GRIGORY KANOVICH: IN MEMORIAM
He was a few years older than our parents. As our parents’ older brother. This is how we always perceived him and his wife Olga, as a bit older siblings of our parents.
And theirs was a special generation. The generation of the children of the Second World War. The Jewish children of Eastern Europe and the Baltic states. Those who were lucky to survive.
My mom was nine years old when the Holocaust came to Ukraine. Her memories were the ones of a shocked and terrified girl whose understanding of happiness was an image of an apple and a bun, and who just absolutely could not hear a sound of a German language till the end of her life , despite the family being Yiddish-speaking and it was supposed to be close. But it was not for her.
My father was eleven at the start of implementing the Final Solution in Ukraine. He saw things from the point of view of a quiet and intelligent, a bit older Jewish boy, I concluded, observing his attitude towards the conversations about the war. Against the background of practically daily conversation, mentioning, sigh, memory, allusion towards the war in my family during the decades after it, my father was absolutely silent. Always.
His silence was different from the silence of the other members of my family. My grandfather ‘s silence, for example, was so fierce that you can feel his burning anger decades after the war, as long as he lived, actually. My father’s silence about the war was not fierce, but it also was not numb, if you know what I mean. It was the silence of a fundamentally wounded boy who decided not to show it up. And he did not. His despice towards the perpetrators of the Final Solution was as complete and absolute, as his silence about it.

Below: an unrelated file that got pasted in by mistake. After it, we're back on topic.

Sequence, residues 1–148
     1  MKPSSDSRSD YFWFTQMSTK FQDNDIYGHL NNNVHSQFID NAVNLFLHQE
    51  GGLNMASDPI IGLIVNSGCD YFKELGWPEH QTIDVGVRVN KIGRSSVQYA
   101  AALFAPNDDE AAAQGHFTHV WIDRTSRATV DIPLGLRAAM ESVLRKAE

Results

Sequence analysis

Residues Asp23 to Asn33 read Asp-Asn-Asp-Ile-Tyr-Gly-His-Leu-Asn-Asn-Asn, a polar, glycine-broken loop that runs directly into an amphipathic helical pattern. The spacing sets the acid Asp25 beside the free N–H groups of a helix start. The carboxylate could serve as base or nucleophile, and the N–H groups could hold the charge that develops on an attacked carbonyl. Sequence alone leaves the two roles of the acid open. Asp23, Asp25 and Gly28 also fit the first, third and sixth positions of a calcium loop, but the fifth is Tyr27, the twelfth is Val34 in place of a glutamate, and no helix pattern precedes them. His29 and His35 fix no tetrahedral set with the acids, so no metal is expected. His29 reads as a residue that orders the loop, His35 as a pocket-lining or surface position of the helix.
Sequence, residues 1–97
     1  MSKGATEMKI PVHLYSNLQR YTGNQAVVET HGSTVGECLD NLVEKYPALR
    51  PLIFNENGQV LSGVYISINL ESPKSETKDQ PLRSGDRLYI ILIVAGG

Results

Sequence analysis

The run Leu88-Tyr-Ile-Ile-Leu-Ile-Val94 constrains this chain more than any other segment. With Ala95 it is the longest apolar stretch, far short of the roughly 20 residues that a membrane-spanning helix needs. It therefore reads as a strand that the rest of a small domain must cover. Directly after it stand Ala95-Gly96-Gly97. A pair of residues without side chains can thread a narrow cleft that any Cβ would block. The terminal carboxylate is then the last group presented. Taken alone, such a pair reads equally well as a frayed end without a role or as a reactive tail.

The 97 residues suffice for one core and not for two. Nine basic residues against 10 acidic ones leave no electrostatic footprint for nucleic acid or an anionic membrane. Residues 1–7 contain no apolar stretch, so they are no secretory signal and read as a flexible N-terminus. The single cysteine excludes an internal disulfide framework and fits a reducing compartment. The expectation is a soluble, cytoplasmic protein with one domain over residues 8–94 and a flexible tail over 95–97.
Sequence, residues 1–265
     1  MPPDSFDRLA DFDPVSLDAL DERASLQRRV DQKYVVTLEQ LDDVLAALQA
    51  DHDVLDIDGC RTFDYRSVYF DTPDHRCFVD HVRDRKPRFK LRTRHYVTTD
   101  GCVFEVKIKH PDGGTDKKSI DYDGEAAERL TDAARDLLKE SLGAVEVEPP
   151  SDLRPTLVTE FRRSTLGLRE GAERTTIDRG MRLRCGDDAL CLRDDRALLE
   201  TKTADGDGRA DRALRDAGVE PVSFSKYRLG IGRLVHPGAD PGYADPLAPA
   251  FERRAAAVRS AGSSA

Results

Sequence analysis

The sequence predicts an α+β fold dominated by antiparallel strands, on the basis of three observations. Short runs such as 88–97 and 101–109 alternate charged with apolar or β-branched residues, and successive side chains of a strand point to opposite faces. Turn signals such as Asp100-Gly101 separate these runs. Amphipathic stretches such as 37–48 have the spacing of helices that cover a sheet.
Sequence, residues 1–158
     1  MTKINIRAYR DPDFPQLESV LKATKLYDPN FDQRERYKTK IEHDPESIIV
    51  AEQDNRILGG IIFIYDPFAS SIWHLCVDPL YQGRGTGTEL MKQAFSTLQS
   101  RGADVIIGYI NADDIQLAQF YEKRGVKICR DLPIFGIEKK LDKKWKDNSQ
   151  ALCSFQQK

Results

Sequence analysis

And Grisha, as we always called our dear friend despite his indisputable seniority in every sense, Grisha was a year older than my father. He was twelve when the WWII broke and ran with his family from the death, direct death and total destruction which that 12-year old Jewish boy from the Lithuanian Jonava saw at extremely close distance. From no distance, actually, no distance at all.
What is the age of 12 years for the Jewish boy in a traditional family? It is the age when a boy starts to be prepared for his bar Mitzvah , to become a man, an adult. The preparations make him far more attentive, his mind seriously more disciplined and better organised, his memory sharpen to the degree of a qualitative change. Because the concept of adulthood in Jewish traditions means an ability to analyse and to make conclusions.
My father who was eleven in 1941, did not start to prepare for bar Mitzvah. Grisha Kanovich , who was already twelve, did. We always did and always will call him with that loving name because he was the man whom one can only love. Despite a total horror which he observed in his life for all the years of the Shoah, total devastation which he faced during post-Shoah years, Grisha was kind, deep, wise, measured, warm and soulful special man whose soul, I believe , expanded to accommodate the souls of his murdered brethren , as from his Jonava shtetl, as from the 96,5% of the over 200 000 Lithuanian Jewry annihilated in the Shoah with diabolic efficiency, as of many of those minimum six million of our people annihilated during the Holocaust. Continue Reading….